Oral adsorbent AST-120 ameliorates tubular injury in chronic renal failure patients by reducing proteinuria and oxidative stress generation.

Division of Nephrology, Department of Internal Medicine, Shinmatsudo Central General Hospital, Chiba 270-0034, Japan.
Metabolism: clinical and experimental (Impact Factor: 3.1). 02/2010; 60(2):260-4. DOI: 10.1016/j.metabol.2010.01.023
Source: PubMed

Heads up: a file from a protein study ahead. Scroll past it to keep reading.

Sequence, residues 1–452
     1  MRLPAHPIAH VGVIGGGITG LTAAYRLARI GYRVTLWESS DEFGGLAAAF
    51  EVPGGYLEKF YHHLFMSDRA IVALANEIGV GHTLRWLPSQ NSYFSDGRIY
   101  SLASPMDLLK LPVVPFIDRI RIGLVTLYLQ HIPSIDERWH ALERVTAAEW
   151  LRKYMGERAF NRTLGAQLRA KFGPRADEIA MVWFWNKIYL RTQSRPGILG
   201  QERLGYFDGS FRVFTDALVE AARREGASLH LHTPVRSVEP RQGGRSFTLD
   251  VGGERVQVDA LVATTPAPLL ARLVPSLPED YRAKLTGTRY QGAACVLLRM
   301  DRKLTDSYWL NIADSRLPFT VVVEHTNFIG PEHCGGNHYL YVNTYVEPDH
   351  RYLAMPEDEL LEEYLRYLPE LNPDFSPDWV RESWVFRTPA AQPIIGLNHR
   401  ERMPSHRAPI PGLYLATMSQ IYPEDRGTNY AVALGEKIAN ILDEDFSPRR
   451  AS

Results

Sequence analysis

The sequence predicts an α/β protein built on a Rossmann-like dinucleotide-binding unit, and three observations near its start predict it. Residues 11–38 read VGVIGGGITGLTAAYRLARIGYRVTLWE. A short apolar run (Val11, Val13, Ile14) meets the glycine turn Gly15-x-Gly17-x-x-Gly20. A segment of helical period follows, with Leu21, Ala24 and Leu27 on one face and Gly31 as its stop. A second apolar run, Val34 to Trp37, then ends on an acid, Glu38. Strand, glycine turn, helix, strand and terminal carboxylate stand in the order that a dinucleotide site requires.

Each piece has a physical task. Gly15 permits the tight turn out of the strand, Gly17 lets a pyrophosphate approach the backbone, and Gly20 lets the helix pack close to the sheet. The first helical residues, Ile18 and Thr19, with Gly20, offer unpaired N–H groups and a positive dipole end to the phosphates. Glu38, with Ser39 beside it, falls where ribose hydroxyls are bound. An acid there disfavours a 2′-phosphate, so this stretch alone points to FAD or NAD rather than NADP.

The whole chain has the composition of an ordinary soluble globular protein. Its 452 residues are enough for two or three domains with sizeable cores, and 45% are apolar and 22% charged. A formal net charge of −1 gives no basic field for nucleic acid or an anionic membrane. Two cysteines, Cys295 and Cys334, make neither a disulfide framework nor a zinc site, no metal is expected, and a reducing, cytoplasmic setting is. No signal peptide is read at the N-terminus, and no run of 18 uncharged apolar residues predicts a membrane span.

ABSTRACT AST-120 is an oral adsorbent that attenuates the progression of chronic renal failure (CRF) and improves the prognosis of the patients under dialysis. Although tubulointerstitial injury is more important than glomerulopathy in terms of renal prognosis in patients with CRF, effect of AST-120 on tubular injury in CRF patients remains unknown. In this study, we examined whether and how AST-120 treatment could improve tubular damage in nondiabetic CRF patients. Fifty nondiabetic CRF patients were enrolled in the present study and divided into 2 groups: one was the AST-120-treated group (15 men and 10 women) and the other was the age-, sex-, and clinical variables-matched non-AST-120-treated control group. Patients were followed up for 12 months. We investigated the effects of AST-120 on serum levels of interleukin-6 (IL-6), proteinuria, and urinary excretion levels of 8-hydroxydeoxyguanosine (8-OHdG) and L-fatty acid binding protein (L-FABP), markers of oxidative stress and tubular injury, respectively. AST-120 treatment (6 g/d), but not control treatment, for 12 months significantly reduced IL-6, proteinuria, and urinary excretion levels of L-FABP and 8-OHdG, and inhibited the increase in serum creatinine in CRF patients. In univariate analyses, L-FABP levels were correlated with age, proteinuria, 8-OHdG, and IL-6. In multiple stepwise regression analysis, proteinuria and urinary 8-OHdG levels were independently related to L-FABP levels (R² = 0.605). Our present study demonstrated for the first time that AST-120 improved tubular injury in nondiabetic CRF patients. AST-120 may exert beneficial effects in CRF patients by protecting tubular damage partly via reduction of proteinuria and oxidative stress generation.

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